You Are Entitled to an Equalization of Property if you are Married
After deciding on the care and support of children, dividing property and assets can be one of the most painful and tension-filled steps in ending a marriage. Our job at Rachel Radley Family Law is to support and guide you through the process.
The law is clear: When you separate and divorce, property acquired during the marriage is subjected to what is called “equalization.” This principle is applied to most assets, with some exceptions such as gifts or inheritances. Difficulties can arise when the couple cannot settle on what was purchased, when it was acquired, the current value of the asset, and an equitable split of the assets.
Dividing property can be quite complicated, especially if a couple has accumulated substantial assets together besides their primary residence such as a cottage, investment property, or a valuable collection of art or memorabilia as just a few examples. So it is a good idea to seek sound and impartial legal advice from a qualified separation lawyer. Our team of divorce lawyers are committed to ensuring that you understand the process and that your rights and property are protected.
The Matrimonial Home
Unlike most other assets, the matrimonial home is treated in a special way.
If either spouse owned the house before the marriage, and if you moved in as a married couple, the house becomes a matrimonial home regardless of who bought it. If the marriage breaks down, both spouses have an equal right to occupy the matrimonial home. If you purchased a home together after marriage, it is the matrimonial home automatically. Selling the matrimonial home during the marriage also affects property division.
But occupying the home after a separation does not give you any other rights. Moreover, some special considerations apply to a matrimonial home: Neither party can sell, sublet or rent the property, or take out a new mortgage without the other party’s signature. .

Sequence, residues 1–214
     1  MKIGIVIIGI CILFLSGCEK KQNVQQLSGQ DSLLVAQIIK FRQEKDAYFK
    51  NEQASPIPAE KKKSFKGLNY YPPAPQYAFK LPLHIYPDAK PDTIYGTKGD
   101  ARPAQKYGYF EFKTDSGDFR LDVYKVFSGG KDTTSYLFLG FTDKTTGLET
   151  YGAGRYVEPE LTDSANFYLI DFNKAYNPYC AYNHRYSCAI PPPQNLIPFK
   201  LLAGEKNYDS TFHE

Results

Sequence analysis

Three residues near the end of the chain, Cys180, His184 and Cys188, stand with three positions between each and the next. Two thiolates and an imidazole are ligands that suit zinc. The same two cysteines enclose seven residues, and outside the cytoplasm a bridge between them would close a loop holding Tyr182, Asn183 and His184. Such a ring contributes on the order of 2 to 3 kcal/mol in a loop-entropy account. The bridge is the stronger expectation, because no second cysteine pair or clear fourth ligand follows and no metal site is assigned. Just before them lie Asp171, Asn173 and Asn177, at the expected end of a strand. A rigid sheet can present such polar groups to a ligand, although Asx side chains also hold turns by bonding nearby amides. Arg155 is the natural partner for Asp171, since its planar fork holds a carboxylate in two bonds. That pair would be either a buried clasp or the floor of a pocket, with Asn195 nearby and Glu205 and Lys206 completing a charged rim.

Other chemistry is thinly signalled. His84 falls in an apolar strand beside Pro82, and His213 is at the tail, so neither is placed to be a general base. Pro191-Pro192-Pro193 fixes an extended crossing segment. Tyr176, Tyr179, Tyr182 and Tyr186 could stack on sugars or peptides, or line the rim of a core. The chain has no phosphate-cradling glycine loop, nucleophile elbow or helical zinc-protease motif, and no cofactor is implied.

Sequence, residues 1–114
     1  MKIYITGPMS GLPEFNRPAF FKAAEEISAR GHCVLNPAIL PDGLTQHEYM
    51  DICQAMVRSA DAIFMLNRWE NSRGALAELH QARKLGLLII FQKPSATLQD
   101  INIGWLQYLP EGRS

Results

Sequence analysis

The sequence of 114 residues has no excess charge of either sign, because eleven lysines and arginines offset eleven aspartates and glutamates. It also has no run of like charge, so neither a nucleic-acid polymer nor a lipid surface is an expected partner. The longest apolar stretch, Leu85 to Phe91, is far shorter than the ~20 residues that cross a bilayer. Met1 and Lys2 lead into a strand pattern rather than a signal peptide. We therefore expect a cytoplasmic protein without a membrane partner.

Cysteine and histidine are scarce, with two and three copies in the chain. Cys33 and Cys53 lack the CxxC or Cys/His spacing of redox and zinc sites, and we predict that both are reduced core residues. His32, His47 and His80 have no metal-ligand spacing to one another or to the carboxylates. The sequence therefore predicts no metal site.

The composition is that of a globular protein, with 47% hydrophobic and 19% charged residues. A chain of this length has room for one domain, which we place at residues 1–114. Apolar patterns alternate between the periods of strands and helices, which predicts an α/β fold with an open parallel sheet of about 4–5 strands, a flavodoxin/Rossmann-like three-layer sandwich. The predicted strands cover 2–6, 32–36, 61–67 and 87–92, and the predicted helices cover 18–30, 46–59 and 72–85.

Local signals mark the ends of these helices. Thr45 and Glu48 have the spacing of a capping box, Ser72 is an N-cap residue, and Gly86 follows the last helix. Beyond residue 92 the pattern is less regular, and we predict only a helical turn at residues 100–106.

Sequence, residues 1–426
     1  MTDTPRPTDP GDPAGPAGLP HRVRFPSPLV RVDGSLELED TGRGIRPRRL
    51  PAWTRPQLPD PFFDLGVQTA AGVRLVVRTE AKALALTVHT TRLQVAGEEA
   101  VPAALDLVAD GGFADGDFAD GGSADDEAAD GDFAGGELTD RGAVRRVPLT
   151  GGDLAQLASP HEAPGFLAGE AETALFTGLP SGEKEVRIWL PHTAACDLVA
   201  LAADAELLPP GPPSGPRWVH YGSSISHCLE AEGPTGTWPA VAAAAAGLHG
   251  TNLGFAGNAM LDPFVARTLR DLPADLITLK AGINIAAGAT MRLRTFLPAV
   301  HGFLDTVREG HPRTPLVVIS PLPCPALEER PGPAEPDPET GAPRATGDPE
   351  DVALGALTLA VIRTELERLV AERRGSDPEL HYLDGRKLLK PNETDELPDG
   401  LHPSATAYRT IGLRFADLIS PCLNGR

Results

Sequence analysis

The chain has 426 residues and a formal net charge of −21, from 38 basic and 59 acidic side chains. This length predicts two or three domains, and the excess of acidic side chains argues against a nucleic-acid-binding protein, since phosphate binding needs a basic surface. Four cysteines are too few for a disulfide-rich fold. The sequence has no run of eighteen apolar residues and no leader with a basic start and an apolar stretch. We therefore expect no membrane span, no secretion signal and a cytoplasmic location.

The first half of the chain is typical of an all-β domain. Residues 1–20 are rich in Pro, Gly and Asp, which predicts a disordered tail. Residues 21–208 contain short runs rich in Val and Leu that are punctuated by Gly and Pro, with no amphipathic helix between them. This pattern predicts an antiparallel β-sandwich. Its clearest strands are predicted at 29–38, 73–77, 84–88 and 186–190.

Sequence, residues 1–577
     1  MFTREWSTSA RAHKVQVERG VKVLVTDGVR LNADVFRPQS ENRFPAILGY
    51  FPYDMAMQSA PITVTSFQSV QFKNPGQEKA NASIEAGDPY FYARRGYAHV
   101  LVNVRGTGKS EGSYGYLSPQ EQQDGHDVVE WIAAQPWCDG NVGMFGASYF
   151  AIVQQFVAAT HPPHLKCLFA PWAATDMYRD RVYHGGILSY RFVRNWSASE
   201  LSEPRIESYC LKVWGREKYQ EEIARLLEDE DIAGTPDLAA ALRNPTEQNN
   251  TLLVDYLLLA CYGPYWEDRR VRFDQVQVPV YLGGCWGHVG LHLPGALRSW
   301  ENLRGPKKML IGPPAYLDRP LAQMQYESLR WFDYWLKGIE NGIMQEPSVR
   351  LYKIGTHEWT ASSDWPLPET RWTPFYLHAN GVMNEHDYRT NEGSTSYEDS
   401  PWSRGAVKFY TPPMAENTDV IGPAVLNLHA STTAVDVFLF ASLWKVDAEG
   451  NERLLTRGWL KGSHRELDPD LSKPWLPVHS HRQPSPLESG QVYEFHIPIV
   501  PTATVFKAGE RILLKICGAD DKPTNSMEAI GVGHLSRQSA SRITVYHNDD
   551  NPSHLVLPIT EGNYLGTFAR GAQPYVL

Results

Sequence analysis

If there are children, the custodial parent may be allowed to stay in the matrimonial home for a period of time. This is the government acknowledging how difficult divorce can be on a family, and helping children deal with their changing situation by letting them remain in familiar surroundings.
Dividing Trusts And Other Marital Property
When a married couple separates or divorces, the legal financial partnership between the spouses is also dissolved. Any property will be divided between the spouses based on the concept of “equalization of net family property.”
If the value of property acquired and owned by one spouse such as rental real estate, investment funds or an art collection increases during the marriage, the gain must be divided between the spouses. What is owed to one of the spouses to balance out their net assets is called an “equalization payment.”
While most people focus on dividing cash and other assets, debts also are taken into account: Everything from credit cards and car loans to charitable pledges and a credit line. If it is a joint debt such as a mortgage, the couple is responsible for it together. But if a debt is not in your name, such as a bank loan for a spouse’s business, then you are not responsible for its repayment, but it is still taken into account on equalization.
Common-Law and Property Division
A word of caution: In Canada, common-law relationships are not subject to the same property division rules as a marriage. In essence, each common-law partner keeps what property she or he brought into the relationship. For example, there are no equalization payments. So be sure to read about ending a common-law relationship.
Protecting what property you brought to a common-law relationship is a vital part of what we do because family is important to you and me.